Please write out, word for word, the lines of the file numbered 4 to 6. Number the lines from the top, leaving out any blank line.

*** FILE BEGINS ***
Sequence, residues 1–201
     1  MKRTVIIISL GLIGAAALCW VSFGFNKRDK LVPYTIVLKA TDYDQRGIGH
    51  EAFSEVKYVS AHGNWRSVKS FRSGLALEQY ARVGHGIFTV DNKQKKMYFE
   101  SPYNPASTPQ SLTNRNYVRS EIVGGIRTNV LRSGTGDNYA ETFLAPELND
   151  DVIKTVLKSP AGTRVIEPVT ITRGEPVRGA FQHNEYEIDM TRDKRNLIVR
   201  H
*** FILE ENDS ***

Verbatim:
   101  SPYNPASTPQ SLTNRNYVRS EIVGGIRTNV LRSGTGDNYA ETFLAPELND
   151  DVIKTVLKSP AGTRVIEPVT ITRGEPVRGA FQHNEYEIDM TRDKRNLIVR
   201  H